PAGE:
How a generally reliable director like Martin Brest got sucked down into this vortex of public masturbation is anyone's guess, and I pity poor Kevin Smith (who has the duo in his upcoming Jersey Girl and right about now must be pulling huge tufts of hair out of his scalp) for falling into the Hollywood Royalty trap - but here's the straight scoop: Gigli is so uncommonly bad that it may supplant Ishtar as everyone's favorite cinematic whipping boy.

    I was about an hour into Gigli before I started wondering what it was about. Needless to say, that's not exactly a good sign. It seems to be about two mafia contractors who are hired to babysit the retarded brother of an unseen federal prosecutor. OK, fine. That could be a viable Act I conceit...but that's pretty much all Gigli has to offer in the plot department. This flick deserves an award for delivering the world's first two-hour one-act movie.

    Set aside the astonishingly flimsy plot, and what we're left with is an unending series of sexual conversations between real-life lovers Ben Affleck and Jennifer Lopez. Imagine you've planted a microphone inside their limo and you're now privy to private celebrity conversations about genital warts and blocked colons, and you'd be halfway to understanding how aggravatingly smug, distasteful and obnoxious Gigli is. Then keep in mind that you paid eight bucks for the honor.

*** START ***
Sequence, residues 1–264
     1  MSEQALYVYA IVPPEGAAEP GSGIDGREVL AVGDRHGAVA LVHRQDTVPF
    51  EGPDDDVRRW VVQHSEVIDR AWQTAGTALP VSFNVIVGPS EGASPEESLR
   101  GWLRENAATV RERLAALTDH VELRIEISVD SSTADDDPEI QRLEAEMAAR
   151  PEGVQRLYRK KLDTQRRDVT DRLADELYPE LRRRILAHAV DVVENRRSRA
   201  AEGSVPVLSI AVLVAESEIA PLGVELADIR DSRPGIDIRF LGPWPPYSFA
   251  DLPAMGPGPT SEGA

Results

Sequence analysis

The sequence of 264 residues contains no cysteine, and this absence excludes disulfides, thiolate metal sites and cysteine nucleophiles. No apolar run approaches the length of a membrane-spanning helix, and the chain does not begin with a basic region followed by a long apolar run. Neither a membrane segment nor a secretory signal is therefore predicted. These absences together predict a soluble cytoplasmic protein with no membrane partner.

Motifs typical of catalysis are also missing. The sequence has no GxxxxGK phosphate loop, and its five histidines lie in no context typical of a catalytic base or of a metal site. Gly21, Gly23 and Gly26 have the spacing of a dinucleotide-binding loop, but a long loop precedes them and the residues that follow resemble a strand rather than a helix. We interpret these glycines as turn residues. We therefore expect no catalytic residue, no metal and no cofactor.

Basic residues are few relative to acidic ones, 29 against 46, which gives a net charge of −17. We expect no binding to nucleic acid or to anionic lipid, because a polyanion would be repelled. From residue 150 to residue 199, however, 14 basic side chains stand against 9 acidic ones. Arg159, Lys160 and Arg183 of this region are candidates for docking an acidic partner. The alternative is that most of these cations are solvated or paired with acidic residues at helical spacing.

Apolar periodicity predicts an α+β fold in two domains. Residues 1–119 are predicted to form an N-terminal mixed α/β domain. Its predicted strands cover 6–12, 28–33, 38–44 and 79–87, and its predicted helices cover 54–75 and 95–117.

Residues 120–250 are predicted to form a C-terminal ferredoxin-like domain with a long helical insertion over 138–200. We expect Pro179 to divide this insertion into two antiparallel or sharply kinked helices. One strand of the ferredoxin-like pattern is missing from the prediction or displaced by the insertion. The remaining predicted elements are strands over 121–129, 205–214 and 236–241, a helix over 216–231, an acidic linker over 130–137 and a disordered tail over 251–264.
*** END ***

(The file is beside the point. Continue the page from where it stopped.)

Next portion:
The flick stops dead for any number of awful reasons:

    1. Every 40 minutes, Brest jams in a jarring cameo from one of his Hollywood buddies. Some see these fleeting moments as welcome respites from the ceaseless keening of the two leads, but it's much, much worse than that. Christopher Walken pops up in a scene that reminds us how damn entertaining the guy can be...without him actually doing much of anything entertaining. (It's a good performance only by default.) Lainie Kazan gets to do that "in her sleep" schtick of overbearing Italian Mama. And Al Pacino bellows and spittle-storms his way through a performance so clueless and irritating that you actually start to feel bad for the poor guy. (That Pacino's character is CLEARLY not on the same set as Jen & Ben - and that his parade through the room is done through the magic of CGI - gives one a clear indication of how shoddily constructed this movie really is.)